(CNN) -- This month, Richard Quest takes a break from life on the road, to look back at some of the Quest show's high points from 2007 -- it was another year of unforgettable encounters, in far-flung places.
Richard meets U.S. President Jimmy Carter during Quest for Peace.
The year began with a search for poise and rhythm -- the art of dancing. We soon discovered that Quest was no Fred Astaire. Yet, with the help of some of the world's best movers and shakers, he managed to Cha Cha and Rumba his way onto the television phenomenon "Dancing with the Stars", in front of 10,000 people.
On his journey towards this terrifying finale, inspiration came from award-winning choreographer Twyla Tharp and Patrick Swayze, the actor who will always be known for dirty dancing. Quest for dance »
Back in March, the show turned its attention to the plight of the environment. With the likes of Al Gore campaigning his way to a Noble Peace Prize, Quest set out to grapple with some of the key issues. For that, he travelled to the forests of Cameroon, in the heart of the Congo Basin -- indigenous people, wildlife and logging companies all compete for dwindling resources and as Quest discovers, time is running out. Watch Quest for the environment »
On Quest for Rock 'n' Roll, it became clear that the music was only part of the story -- it's what lies behind it, that's equally important. It is a genre that speaks of freedom and rebellion -- an important voice to challenge the status quo. This spirit was perfectly epitomized by movie actress Juliette Lewis who has swapped Hollywood for a life on the road with her band. There is, of course, a dark side to the industry that couldn't be ignored -- Nikki Sixx of the 80s band Motley Crue, gave us a fascinating insight into the self-destructive nature of the cliched lifestyle that so nearly killed him. Watch Quest for rock 'n' roll »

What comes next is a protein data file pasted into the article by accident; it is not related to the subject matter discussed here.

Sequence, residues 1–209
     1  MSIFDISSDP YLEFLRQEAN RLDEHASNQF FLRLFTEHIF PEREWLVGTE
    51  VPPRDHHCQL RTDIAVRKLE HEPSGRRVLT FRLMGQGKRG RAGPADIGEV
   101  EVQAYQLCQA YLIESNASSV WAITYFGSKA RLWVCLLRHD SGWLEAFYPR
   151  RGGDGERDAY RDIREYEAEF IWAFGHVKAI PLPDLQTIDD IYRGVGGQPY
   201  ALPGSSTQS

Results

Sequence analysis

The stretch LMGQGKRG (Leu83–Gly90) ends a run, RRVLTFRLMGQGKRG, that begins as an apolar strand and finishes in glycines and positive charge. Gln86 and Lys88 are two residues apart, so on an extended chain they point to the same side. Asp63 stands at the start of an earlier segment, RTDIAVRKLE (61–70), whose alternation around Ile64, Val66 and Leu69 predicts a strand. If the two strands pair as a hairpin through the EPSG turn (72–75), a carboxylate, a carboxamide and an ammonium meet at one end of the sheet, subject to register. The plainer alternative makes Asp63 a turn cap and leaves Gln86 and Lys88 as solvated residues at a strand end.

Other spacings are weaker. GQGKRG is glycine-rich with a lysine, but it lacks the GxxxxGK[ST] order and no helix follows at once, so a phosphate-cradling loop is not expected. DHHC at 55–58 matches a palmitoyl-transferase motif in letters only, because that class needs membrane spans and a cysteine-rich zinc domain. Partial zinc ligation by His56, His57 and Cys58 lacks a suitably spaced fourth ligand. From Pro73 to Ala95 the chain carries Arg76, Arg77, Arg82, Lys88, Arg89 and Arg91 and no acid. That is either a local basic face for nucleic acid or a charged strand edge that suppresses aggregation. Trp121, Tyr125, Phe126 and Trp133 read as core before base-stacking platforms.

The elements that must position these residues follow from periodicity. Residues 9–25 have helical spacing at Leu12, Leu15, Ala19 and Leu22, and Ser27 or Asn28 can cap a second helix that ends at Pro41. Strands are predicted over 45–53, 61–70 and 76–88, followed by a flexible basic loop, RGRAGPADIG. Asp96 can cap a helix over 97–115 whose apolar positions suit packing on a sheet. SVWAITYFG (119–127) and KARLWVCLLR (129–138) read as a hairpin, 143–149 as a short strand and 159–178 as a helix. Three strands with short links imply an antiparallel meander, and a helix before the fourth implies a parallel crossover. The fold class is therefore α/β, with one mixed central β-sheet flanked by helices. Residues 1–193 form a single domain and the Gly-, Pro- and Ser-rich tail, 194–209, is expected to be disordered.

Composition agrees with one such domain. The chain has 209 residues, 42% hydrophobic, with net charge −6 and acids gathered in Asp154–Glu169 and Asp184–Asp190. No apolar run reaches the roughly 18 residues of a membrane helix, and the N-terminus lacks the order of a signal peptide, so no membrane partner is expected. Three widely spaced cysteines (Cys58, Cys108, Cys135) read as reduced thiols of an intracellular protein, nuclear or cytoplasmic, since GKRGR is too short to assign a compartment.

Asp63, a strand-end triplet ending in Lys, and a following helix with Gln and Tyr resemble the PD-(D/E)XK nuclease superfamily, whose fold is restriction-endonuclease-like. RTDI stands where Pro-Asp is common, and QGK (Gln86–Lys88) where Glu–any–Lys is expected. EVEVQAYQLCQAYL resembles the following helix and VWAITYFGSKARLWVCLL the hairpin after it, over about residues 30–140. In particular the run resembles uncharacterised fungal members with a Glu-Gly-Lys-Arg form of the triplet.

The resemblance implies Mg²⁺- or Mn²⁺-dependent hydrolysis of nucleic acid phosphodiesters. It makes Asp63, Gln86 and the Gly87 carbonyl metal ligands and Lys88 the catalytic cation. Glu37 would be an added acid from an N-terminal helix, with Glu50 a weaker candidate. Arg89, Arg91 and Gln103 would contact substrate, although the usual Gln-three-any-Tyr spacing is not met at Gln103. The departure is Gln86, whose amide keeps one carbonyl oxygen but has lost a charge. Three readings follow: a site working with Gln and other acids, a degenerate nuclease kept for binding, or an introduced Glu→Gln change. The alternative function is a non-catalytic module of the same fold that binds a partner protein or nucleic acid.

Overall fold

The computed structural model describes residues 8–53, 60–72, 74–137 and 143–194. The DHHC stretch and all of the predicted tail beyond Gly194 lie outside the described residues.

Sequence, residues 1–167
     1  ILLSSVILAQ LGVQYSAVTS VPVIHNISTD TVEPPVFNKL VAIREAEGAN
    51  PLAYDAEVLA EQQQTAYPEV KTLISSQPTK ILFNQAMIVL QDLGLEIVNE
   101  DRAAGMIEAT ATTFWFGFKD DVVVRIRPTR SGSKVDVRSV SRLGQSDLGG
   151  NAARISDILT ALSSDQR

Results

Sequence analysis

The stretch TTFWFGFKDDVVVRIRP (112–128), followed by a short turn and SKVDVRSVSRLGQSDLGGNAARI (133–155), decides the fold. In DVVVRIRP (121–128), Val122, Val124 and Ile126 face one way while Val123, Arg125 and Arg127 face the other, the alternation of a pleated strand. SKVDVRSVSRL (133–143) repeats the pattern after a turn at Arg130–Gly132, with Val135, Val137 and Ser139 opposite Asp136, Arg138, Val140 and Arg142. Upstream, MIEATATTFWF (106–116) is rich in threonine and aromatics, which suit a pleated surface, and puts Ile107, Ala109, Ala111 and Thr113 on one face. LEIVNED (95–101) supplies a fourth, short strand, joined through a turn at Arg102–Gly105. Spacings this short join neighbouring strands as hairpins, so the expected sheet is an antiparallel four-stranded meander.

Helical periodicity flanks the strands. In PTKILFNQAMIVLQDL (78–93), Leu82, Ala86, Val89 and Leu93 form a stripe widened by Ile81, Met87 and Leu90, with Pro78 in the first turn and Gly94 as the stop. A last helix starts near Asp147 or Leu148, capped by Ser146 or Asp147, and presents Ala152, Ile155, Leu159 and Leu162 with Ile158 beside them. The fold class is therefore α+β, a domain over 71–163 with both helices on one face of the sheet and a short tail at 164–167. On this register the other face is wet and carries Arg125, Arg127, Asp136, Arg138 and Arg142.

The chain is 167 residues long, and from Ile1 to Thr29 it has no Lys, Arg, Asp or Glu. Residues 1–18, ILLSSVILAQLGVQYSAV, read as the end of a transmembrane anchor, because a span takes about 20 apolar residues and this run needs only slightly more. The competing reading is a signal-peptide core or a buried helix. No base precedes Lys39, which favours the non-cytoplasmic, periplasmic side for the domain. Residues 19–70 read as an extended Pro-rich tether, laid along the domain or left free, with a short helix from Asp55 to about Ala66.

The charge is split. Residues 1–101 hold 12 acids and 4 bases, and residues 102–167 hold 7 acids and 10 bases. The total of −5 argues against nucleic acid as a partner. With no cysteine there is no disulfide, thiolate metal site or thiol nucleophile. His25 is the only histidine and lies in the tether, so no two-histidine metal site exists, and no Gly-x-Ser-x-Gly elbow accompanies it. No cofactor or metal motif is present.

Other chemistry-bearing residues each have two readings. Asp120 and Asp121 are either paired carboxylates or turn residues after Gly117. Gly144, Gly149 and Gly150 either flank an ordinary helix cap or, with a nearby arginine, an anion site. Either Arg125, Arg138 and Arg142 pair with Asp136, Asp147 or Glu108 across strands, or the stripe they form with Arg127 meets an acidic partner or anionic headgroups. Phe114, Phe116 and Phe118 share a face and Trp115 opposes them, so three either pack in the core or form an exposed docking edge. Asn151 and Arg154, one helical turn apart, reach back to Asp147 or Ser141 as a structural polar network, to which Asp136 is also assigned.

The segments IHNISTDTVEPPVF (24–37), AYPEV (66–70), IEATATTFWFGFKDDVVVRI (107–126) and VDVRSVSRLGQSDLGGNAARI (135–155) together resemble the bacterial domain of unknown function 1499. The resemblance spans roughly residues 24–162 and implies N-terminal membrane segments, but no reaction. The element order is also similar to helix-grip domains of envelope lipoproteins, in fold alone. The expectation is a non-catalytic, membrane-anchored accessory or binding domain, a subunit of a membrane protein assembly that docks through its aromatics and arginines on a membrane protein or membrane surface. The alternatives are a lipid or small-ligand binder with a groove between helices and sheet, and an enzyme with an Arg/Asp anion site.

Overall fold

When it came to getting answers about the Oscar campaign in 2007, Hollywood's red carpets were the perfect hunting ground. Throughout the long award season, Quest met many of the stars for whom it has, would or will mean so much to win one of those coveted gold statues. It was though, an afternoon tea with Jeremy Irons that gave the best insight into the magic of "Oscar." Watch Quest for Oscar »
November took Quest on a journey to meet the extraordinary men and women who dedicate their lives to promoting world peace. He met former leaders like Jimmy Carter and Mikhail Gorbachev and joined the UN's peace-keeping forces on the streets of Timor-Leste. Watch Quest for peace »
Among the celebrity activists, actress Mia Farrow has put her name, reputation and personal safety firmly on the frontline, to help end the bloody tribal conflict in Sudan's Darfur region -- she is testament to what one passionate individual can achieve to bring hope to those blighted by war.
The final part of the show tackles the concept of exploration. Frostbite, exhaustion and broken bones are just some of the perils endured by the great explorers as they go to the ends of the Earth to further our knowledge. The unique make-up of people like Sir Ranulph Fiennes, Sylvia Earle and Mike Horn, is what turns ordinary men and women into human machines. It turns our normal curiosity into their insatiable drive to discover. Watch Quest for exploration »
Eager for his own adventure, Quest takes off to the Himalayas of Tibet in search of a remote monastery, 4,500 meters in the sky. Despite having experienced Chinese explorer Wong How Man by his side, we wonder whether Quest will be able to face up to the harsh realities of an explorer's life? Find out in this month's Best of Quest. E-mail to a friend
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